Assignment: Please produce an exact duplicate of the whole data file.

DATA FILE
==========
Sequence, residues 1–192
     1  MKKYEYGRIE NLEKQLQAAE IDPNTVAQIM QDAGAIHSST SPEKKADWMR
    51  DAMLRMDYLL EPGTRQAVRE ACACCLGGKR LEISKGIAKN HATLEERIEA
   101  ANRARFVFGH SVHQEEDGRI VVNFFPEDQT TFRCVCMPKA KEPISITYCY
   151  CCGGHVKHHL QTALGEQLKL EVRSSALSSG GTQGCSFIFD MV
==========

Sequence, residues 1–192
     1  MKKYEYGRIE NLEKQLQAAE IDPNTVAQIM QDAGAIHSST SPEKKADWMR
    51  DAMLRMDYLL EPGTRQAVRE ACACCLGGKR LEISKGIAKN HATLEERIEA
   101  ANRARFVFGH SVHQEEDGRI VVNFFPEDQT TFRCVCMPKA KEPISITYCY
   151  CCGGHVKHHL QTALGEQLKL EVRSSALSSG GTQGCSFIFD MV